If we value hares, we shouldn’t shoot them all year long

This piece first appeared in the East Anglian Daily Times in response to the selling of hare locally. I’ve since had some criticism from the NFU about not mentioning hare coursing.

I didn’t touch on the subject of coursing here as it is something that is thankfully illegal and – judging by the number of listings on various magistrates courts in Suffolk – relatively well policed. As such, I don’t believe that such illegal activities, while obviously barbaric and wrong, put the same direct pressure on hare numbers as legal shoots.

The argument that farmers are killing hares to prevent hare coursing taking place on their land is not, or should not be, an argument to continue shooting with no close season.

Anyway, here is the piece:

The hare is running along in front of us, its flecked haunches and black-tipped ears visible in the headlights. It’s young; still a leveret really; its lean limbs long and awkward. A hobbledehoy, dazzled by the light.

Already driving at walking pace, we slow the car. The hare jinks one way and then the other as if to shake off a predator before veering sharply sideways under a gate and into the darkness.

I always think with a hare you somehow get a sense of the wild. Yes, rabbits may have that wide-eyed, cotton-tailed cuteness, but it is the hare with its gawky angularity, its poise and spring-like muscles that win me over every time.

I know I am not alone. In Suffolk it seems the hare is close to being an emblematic animal. You can’t walk past an art gallery without seeing a sculpture or painting of a hare. Shops are awash with postcards depicting their rangy form silhouetted against a landscape of Suffolk fields or boxing away unwanted amorous advances.

They are an animal close to our hearts. But it is also an animal in decline, with populations falling by an estimated 80% over the last 100 years.

In some ways it is the same old sad story. In short, the intensification of agriculture has led to a landscape that in many places lacks biodiversity. The disappearance of swathes of meadow and grassland combined with an increase in winter cereals mean hares can be without food during the breeding season.

The scrubbing of hedgerows has also deprived them of shelter; something that is particularly important given one of their main defensive strategies – despite their 45mph speed – is simply sitting still.

But there is another worrying factor at play. Despite being subject to a Biodiversity Action Plan, a measure to improve hare populations in light of falling numbers, the species is still considered to be, well… fair game.

Although the 1892 Hares Preservation Act prohibits the sale of hare between March and July 31, the older 1880 Ground Game Act means they can be shot throughout the year, including in the breeding season.

Pregnant does (female hares) can be shot, as can those that are lactating – even if this means the leveret waiting for its single dusk feed will most likely starve to death. Indeed the hare is the only game animal that does not have a close season.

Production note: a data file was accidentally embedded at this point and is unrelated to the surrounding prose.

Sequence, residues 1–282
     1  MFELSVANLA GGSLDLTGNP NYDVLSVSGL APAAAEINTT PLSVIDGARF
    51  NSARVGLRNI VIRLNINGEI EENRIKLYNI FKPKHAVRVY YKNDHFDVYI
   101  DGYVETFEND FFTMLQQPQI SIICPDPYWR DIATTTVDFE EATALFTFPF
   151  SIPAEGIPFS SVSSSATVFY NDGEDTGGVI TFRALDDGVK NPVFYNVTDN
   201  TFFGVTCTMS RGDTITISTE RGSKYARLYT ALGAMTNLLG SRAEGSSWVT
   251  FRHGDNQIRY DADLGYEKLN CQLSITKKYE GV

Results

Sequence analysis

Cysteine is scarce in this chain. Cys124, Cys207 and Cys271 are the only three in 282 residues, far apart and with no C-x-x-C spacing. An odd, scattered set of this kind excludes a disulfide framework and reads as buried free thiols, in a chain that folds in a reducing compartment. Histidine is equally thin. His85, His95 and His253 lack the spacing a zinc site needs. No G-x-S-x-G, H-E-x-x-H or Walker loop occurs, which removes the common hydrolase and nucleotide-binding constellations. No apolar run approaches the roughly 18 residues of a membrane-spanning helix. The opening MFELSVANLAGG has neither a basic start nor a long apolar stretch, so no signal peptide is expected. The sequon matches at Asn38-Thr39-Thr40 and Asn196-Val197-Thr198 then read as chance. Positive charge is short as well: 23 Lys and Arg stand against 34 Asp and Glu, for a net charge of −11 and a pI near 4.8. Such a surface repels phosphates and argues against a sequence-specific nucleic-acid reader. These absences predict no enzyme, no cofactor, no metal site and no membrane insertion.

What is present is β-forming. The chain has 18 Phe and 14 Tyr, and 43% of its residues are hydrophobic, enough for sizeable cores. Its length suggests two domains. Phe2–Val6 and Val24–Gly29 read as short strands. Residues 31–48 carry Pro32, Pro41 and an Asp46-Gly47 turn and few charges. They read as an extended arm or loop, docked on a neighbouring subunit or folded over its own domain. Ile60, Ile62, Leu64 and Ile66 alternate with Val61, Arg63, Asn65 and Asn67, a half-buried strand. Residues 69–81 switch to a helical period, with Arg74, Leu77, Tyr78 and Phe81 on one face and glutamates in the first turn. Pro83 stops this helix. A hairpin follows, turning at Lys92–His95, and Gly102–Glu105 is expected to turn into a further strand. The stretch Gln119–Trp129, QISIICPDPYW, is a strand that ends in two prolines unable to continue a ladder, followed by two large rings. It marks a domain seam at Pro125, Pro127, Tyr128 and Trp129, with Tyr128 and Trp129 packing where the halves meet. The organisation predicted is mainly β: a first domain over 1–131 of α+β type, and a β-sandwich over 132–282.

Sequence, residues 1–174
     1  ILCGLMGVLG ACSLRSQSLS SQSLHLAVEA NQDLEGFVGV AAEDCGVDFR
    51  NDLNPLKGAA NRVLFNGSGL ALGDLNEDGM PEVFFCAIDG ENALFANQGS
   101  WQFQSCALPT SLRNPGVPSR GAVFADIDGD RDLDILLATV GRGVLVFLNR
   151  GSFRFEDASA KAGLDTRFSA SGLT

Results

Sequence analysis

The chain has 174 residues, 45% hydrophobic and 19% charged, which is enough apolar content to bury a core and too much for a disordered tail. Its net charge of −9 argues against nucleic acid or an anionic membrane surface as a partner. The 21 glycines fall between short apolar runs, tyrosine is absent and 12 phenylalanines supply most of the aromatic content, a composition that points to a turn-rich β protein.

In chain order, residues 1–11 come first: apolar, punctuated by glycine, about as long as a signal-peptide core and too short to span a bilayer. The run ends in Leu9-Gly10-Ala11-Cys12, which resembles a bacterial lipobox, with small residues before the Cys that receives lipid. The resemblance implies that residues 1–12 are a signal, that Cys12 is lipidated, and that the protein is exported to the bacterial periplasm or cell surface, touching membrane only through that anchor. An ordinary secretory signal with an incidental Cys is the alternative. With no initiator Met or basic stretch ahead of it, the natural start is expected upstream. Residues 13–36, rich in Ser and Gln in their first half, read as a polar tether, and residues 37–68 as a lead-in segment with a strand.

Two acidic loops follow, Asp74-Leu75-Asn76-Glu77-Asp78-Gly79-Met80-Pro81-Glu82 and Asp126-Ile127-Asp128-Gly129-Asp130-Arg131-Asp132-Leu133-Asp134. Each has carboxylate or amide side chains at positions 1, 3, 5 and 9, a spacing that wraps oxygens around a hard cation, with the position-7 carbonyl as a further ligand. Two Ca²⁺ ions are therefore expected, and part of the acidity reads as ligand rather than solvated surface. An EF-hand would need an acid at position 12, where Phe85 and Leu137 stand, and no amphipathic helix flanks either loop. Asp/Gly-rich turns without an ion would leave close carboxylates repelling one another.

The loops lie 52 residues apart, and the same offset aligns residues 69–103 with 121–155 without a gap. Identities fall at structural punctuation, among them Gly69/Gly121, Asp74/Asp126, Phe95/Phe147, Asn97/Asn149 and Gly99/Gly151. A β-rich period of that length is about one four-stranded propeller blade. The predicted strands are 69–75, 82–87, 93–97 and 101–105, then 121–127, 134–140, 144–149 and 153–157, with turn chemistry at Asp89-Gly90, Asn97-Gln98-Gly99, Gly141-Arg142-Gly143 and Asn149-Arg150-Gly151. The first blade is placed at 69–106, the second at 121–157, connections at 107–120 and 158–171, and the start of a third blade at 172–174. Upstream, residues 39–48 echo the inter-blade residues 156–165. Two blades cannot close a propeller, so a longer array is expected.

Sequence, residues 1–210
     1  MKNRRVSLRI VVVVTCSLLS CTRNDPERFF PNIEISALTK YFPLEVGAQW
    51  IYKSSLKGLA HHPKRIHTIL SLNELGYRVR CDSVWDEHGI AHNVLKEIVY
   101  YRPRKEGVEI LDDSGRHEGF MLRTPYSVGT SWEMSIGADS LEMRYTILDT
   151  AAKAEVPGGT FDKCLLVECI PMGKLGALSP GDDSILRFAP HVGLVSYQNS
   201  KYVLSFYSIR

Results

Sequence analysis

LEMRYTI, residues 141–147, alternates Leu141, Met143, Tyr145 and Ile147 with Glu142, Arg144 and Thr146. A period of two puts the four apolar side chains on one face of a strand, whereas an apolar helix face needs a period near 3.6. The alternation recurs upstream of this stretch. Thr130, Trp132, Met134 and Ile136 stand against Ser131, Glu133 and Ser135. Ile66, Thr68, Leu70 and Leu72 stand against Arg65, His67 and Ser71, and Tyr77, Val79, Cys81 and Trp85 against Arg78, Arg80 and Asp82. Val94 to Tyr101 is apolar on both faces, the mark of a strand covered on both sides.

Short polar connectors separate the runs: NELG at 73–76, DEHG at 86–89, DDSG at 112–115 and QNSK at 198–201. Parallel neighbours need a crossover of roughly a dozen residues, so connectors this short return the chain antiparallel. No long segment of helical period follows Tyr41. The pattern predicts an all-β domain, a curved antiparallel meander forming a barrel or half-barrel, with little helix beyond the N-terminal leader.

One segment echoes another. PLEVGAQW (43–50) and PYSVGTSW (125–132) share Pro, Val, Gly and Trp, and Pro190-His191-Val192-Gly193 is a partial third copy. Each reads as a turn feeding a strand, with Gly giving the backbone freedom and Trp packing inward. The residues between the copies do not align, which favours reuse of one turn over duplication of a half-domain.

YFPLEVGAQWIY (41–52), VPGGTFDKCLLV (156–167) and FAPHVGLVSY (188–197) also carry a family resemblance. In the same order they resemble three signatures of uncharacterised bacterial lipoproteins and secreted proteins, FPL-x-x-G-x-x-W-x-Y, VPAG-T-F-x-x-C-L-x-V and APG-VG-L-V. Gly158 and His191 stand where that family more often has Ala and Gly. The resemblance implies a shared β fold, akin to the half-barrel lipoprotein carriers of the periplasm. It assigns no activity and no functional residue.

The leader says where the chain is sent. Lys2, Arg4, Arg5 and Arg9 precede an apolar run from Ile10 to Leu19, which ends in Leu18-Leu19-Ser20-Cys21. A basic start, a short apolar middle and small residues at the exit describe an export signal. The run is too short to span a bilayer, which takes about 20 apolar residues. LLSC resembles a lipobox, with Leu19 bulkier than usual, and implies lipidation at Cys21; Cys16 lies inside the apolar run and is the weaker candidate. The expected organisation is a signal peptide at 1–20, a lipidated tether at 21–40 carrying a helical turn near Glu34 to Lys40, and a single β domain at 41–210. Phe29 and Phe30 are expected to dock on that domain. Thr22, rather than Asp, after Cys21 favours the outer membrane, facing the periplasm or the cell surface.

Every other species; deer, trout, and even birds bred simply to be gunned down, such as pheasants, partridges and grouse, all have a period of time when they can, at the very least, breed in peace. To leave out hare seems arbitrary, outdated and wrong.

In Suffolk, one of the species’ few remaining strongholds, hares are still regularly shot in large numbers by organised shooting parties.

According to the Hare Preservation Society, which is pushing for a change in the law to introduce a close season, it is estimated that between February and March large organised shoots in East Anglia can kill as many as 40% of the national brown hare population. A truly shocking statistic.

But perhaps more shocking still is that the rules which currently govern the shooting of brown hares, rules that shooting organisations insist are sufficient, were drawn up by – yes, you guessed it – the organisations themselves.

To the horror of wildlife groups, the government left the job of drafting a code of practice for “hare management” to the British Association for Shooting and Conservation (BASC), the largest shooting organisation in the UK, and the Game & Wildlife Conservation Trust (GWCT).

Their work was supported by the Tenant Farmers’ Association, the National Gamekeepers’ Organisation, the Moorland Association, the Country Land and Business Association and the Countryside Alliance (CA). This last organisation went even further, suggesting (somewhat bafflingly) that a close season could lower hare numbers. 
So, the shooting and the eating has gone on.

Perhaps I should say at this point that I am not arguing against shooting per se – this 
is not an attack on the CA’s 
“rural ways of life”, if this 
really is the phrase best suited 
to sum up various ways of shooting and chasing things in the name of sport.

Nor am I saying that “pest control” should not take place. Farming is undeniably important and if there is evidence that food production is being threatened by an overly large hare population then of course a cull is something that could be considered.

Rather, I’m trying to make the simple point that the controls currently in place to regulate the shooting of this nationally scarce animal are not adequate or ethical. Furthermore, if we really do care about the future of this magical animal then it is an issue we urgently need to take up.

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